This post has moved to a new home! If you're interested in Ivan's technology-related ramblings, please see blog.jonas.ninja!
It’s not quite a diary any more, is it? Having a full-time job sure does put a damper on things. Deliberating over whether to abandon my current job it is even more of a drag. In this diary entry, I discuss the very non-technical aspects of leaving your current job to become a Front End Developer.
I did not expect that deciding to leave my employer would be so draining. Friends and family tell me that leaving a job without another lined up is a terrible idea, and I understand all too well. The safest route would be to keep working, no matter what. I understand their fears, truly–but I also see the potential prize if I take the risk, and they do not. I know there are lucrative positions out there for those who have the skills necessary to perform well. This knowledge does not dispel my fears. And so I am in the proverbial frying pan, afraid to stay in my position (because my career won’t advance), and afraid to leave (because money has a bad habit of disappearing faster than you expect).
This diary series is not nearly as glamorous as I thought it would be. Hopefully soon I can get to the glam biz of learning technologies, frameworks, libraries, tools, methodologies, and soft skills related to being a successful frond end web developer. Instead, I find myself dealing with the difficult, dirty, serious and necessary business of making potentially life-altering decisions.
Until now, I have vacillated between three options multiple times. Leave, stay, and find some compromise where I work less and have more free time to study. Here’s a short list of the biggest pros and cons:
- Money and security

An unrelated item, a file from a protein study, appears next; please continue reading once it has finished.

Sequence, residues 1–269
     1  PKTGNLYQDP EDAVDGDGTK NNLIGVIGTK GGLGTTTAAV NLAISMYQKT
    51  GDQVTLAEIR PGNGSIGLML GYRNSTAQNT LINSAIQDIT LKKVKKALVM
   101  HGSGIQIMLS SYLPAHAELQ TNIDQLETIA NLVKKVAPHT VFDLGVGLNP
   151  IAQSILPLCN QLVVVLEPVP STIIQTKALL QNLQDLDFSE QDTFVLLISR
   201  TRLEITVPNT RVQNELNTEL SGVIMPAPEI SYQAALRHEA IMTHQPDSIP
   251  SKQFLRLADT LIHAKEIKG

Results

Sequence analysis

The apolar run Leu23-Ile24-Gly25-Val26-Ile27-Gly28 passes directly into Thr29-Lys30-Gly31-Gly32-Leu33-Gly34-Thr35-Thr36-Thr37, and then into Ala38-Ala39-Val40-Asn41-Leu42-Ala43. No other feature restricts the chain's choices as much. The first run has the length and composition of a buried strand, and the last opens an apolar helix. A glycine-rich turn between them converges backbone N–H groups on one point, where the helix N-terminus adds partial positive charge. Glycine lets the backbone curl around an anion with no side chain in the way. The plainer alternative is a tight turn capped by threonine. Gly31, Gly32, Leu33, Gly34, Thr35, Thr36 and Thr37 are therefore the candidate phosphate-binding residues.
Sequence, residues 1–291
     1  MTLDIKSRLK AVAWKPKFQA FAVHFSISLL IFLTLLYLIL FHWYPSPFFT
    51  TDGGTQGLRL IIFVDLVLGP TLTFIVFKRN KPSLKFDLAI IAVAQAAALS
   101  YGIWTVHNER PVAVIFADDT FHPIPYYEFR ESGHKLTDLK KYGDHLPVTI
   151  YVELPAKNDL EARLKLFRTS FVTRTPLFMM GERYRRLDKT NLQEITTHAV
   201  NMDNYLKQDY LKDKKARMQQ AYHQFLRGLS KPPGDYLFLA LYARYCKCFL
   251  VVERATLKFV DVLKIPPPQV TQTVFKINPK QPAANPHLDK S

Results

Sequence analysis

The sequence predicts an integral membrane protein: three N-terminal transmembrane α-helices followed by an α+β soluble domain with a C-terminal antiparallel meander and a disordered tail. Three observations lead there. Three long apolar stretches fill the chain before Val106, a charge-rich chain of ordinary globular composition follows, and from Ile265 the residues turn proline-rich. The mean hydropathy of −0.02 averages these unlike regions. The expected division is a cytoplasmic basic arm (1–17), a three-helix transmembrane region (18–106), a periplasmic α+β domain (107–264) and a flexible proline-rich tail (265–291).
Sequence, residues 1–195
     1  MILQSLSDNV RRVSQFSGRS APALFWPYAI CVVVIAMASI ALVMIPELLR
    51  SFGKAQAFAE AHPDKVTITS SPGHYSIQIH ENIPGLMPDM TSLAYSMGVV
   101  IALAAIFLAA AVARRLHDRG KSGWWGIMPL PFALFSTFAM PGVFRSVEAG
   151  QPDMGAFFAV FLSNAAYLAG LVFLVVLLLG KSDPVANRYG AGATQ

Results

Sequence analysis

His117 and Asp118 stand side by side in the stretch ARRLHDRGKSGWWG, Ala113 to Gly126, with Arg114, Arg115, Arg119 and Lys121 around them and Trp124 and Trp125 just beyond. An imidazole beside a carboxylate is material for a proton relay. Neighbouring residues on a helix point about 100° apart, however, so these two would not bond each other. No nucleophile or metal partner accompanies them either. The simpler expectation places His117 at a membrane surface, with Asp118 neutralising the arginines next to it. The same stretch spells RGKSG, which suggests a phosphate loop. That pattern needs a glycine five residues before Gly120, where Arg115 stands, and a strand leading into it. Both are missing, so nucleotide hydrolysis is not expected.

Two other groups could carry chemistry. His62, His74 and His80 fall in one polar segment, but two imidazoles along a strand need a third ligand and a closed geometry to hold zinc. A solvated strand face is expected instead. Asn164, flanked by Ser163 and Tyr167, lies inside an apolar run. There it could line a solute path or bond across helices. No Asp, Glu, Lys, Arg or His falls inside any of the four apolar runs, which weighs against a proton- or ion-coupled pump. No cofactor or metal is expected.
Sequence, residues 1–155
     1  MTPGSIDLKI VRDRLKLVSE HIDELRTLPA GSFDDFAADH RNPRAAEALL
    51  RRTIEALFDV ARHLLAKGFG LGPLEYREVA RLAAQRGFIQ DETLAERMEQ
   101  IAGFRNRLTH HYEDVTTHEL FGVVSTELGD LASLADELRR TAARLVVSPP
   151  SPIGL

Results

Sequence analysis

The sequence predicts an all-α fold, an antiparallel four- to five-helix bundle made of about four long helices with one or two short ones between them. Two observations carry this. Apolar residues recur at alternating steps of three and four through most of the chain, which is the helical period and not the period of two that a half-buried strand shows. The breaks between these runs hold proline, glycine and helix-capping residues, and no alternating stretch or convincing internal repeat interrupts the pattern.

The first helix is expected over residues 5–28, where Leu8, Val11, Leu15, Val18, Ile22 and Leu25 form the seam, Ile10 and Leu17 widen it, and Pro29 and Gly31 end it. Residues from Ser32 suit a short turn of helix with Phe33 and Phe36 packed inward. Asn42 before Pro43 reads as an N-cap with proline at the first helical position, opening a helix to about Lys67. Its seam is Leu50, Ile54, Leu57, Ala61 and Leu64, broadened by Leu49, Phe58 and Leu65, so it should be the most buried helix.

- Slow growth potential
- The most employable experience is work experience, not personal or school projects
- Just because this is a dead-end job does not mean that I need to jump ship right now
- Fast growth potential – I’ll be up to speed in the right technologies sooner.
- It would be a terrific and terrifying adventure
- Would have to find a job within 10 months, depending on how much I managed to pinch my pennies. Might have to leave Charlotte in order to survive.
- Lots of minor perks: totally flexible schedule, can travel, visit family, visit UNC, no need for stealth job searches, I can exercise/do laundry/clean/cook any time of the day, etc.
- Better growth than I’d experience otherwise
- Less work stress. More stress from having two great demands on me: work and learning.
- I’d be treated with jealousy and suspicion. I might be let go because I’d be considered a risky employee.
- This might not even be a real option, and fake options are the worst kind of options.
An ever shorter analysis: Staying would promote steady-but-limited growth and conform to adult behavior. Leaving would be reckless (or worse) but would feel great and expand the range of possibility: greater rewards and greater failure. A compromise would bring limited benefits with some risky downsides of stress and hostility at work.
Only after enduring this stress for a whole week have I made the decision to just stick with the job. However, I still retain the right and intention to re-evaluate and make a different decision at any time. Ideally, I can find a junior-level position, perhaps as a contractor, where I can both learn and earn, even if it is less than my current salary. Contracting would allow me to keep looking for other jobs openly and also take a full-time position without littering my resume with short-term salaried positions.
The next diary entry will be more exciting: I will detail the plan that I have developed for my studies. You’re gonna like it!